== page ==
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1.  Studies of the intermediary metabolism in cultured cells of the insect Spodoptera frugiperda using 13C- or 15N-labelled tracers 
BMC Biochemistry  2005;6:24.
Background
Insect cells can serve as host systems for the recombinant expression of eukaryotic proteins. Using this platform, the controlled expression of 15N/13C labelled proteins requires the analysis of incorporation paths and rates of isotope-labelled precursors present in the medium into amino acids. For this purpose, Spodoptera frugiperda cells were grown in a complex medium containing [U-13C6]glucose. In a second experiment, cultures of S. frugiperda were grown in the presence of 15N-phenylalanine.
Results
Quantitative NMR analysis showed incorporation of the proffered [U-13C6]glucose into the ribose moiety of ribonucleosides (40 – 45%) and into the amino acids, alanine (41%), glutamic acid/glutamine (C-4 and C-5, 30%) and aspartate/asparagine (15%). Other amino acids and the purine ring of nucleosides were not formed from exogenous glucose in significant amounts (> 5%). Prior to the incorporation into protein the proffered 15N-phenylalanine lost about 70% of its label by transamination and the labelled compound was not converted into tyrosine to a significant extent.
Conclusion
Growth of S. frugiperda cells in the presence of [U-13C6]glucose is conducive to the fractional labelling of ribonucleosides, alanine, glutamic acid/glutamine and aspartic acid/asparagine. The isotopolog compositions of the ribonucleosides and of alanine indicate considerable recycling of carbohydrate intermediates in the reductive branch of the pentose phosphate pathway. The incorporation of 15N-labelled amino acids may be hampered by loss of the 15N-label by transamination.
doi:10.1186/1471-2091-6-24
PMCID: PMC1310531  PMID: 16285881
2.  Riboflavin synthase of Schizosaccharomyces pombe. Protein dynamics revealed by 19F NMR protein perturbation experiments 
BMC Biochemistry  2003;4:18.
Background
Riboflavin synthase catalyzes the transformation of 6,7-dimethyl-8-ribityllumazine into riboflavin in the last step of the riboflavin biosynthetic pathway. Gram-negative bacteria and certain yeasts are unable to incorporate riboflavin from the environment and are therefore absolutely dependent on endogenous synthesis of the vitamin. Riboflavin synthase is therefore a potential target for the development of antiinfective drugs.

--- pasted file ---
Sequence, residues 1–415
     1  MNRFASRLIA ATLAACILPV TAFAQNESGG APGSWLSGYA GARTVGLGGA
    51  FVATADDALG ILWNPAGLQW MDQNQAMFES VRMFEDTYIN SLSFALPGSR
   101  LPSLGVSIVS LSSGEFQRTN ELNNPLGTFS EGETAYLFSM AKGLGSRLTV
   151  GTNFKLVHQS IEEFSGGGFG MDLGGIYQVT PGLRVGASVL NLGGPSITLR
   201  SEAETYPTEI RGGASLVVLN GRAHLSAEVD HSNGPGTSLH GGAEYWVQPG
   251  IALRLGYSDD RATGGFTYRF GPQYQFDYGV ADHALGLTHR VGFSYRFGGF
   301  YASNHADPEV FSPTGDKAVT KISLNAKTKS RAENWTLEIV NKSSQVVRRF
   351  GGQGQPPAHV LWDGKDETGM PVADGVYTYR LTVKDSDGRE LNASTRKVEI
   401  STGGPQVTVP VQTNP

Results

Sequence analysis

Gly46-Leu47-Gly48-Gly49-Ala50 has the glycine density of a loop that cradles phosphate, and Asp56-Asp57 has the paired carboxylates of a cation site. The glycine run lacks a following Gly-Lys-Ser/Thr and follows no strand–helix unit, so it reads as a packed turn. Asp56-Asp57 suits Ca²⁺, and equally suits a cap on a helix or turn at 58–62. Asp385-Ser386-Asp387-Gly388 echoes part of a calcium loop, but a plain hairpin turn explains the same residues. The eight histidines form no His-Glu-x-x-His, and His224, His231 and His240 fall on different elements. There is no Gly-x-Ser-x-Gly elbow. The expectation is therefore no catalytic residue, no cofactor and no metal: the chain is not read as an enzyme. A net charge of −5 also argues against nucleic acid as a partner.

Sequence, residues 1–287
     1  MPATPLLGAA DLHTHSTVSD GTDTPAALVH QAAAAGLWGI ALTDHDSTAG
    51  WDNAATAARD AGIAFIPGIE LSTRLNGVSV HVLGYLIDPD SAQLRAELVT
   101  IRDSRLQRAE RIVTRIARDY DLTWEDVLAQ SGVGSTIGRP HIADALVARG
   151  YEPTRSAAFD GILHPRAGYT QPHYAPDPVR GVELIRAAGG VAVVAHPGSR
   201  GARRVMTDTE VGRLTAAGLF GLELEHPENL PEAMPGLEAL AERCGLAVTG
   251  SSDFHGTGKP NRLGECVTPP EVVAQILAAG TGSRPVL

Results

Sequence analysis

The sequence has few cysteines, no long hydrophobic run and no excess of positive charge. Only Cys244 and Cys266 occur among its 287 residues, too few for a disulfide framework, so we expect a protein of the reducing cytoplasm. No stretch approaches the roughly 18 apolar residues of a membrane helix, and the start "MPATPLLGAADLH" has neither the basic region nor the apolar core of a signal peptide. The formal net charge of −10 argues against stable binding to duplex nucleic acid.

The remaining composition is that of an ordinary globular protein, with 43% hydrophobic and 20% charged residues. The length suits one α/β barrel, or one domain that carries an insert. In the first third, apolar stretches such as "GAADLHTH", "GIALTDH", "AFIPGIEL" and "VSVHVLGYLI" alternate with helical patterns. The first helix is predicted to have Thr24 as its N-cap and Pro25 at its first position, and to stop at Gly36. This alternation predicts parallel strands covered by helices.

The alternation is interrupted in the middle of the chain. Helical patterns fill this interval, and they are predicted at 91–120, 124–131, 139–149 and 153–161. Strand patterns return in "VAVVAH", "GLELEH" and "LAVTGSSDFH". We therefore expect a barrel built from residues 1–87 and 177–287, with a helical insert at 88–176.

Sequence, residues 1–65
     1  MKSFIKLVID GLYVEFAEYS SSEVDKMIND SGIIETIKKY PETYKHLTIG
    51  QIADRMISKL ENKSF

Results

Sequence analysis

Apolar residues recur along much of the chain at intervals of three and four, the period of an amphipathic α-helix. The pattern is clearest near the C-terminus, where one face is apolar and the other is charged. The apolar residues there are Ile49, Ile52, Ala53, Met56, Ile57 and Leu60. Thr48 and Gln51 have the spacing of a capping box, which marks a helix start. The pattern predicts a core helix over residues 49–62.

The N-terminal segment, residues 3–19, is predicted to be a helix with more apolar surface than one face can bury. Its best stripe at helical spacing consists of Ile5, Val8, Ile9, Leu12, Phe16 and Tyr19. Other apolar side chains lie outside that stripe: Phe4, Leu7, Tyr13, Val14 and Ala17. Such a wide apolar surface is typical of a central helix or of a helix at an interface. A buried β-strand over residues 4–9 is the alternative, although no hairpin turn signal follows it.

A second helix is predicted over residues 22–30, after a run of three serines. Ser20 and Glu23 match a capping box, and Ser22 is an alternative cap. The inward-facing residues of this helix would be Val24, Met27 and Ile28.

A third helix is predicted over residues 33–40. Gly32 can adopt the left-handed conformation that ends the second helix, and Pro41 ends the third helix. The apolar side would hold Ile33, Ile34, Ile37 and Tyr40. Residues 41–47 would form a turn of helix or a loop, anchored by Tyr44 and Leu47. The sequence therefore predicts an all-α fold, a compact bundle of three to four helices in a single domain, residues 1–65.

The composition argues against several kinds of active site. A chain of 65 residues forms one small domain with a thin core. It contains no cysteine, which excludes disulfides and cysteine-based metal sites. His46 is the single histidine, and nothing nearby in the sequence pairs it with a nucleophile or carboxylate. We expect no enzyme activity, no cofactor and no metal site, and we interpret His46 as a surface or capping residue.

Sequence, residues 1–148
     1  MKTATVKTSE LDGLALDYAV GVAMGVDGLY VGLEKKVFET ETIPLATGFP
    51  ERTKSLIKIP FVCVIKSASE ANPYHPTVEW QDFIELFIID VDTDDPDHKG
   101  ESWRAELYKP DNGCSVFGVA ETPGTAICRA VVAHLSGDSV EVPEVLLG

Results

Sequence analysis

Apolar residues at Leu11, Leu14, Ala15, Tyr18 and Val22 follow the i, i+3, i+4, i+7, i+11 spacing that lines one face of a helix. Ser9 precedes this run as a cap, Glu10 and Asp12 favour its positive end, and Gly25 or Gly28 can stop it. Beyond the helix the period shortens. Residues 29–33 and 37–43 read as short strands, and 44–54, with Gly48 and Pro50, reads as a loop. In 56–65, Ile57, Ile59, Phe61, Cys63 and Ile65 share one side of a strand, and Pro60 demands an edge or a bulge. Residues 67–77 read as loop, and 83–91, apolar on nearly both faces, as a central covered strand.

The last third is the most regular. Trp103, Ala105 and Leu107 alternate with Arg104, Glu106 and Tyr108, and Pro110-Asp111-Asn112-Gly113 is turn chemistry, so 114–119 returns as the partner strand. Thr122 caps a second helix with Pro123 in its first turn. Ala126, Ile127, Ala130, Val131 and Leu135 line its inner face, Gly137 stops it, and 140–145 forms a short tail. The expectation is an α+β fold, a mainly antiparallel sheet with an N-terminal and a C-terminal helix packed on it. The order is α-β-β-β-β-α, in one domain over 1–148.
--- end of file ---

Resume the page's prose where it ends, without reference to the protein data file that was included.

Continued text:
Results
A cDNA sequence from Schizosaccharomyces pombe comprising a hypothetical open reading frame with similarity to riboflavin synthase of Escherichia coli was expressed in a recombinant E. coli strain. The recombinant protein is a homotrimer of 23 kDa subunits as shown by sedimentation equilibrium centrifugation. The protein sediments at an apparent velocity of 4.1 S at 20°C. The amino acid sequence is characterized by internal sequence similarity indicating two similar folding domains per subunit. The enzyme catalyzes the formation of riboflavin from 6,7-dimethyl-8-ribityllumazine at a rate of 158 nmol mg-1 min-1 with an apparent KM of 5.7 microM. 19F NMR protein perturbation experiments using fluorine-substituted intermediate analogs show multiple signals indicating that a given ligand can be bound in at least 4 different states. 19F NMR signals of enzyme-bound intermediate analogs were assigned to ligands bound by the N-terminal respectively C-terminal folding domain on basis of NMR studies with mutant proteins.
Conclusion
Riboflavin synthase of Schizosaccharomyces pombe is a trimer of identical 23-kDa subunits. The primary structure is characterized by considerable similarity of the C-terminal and N-terminal parts. Riboflavin synthase catalyzes a mechanistically complex dismutation of 6,7-dimethyl-8-ribityllumazine affording riboflavin and 5-amino-6-ribitylamino-2,4(1H,3H)-pyrimidinedione. The 19F NMR data suggest large scale dynamic mobility in the trimeric protein which may play an important role in the reaction mechanism.
doi:10.1186/1471-2091-4-18
PMCID: PMC337094  PMID: 14690539

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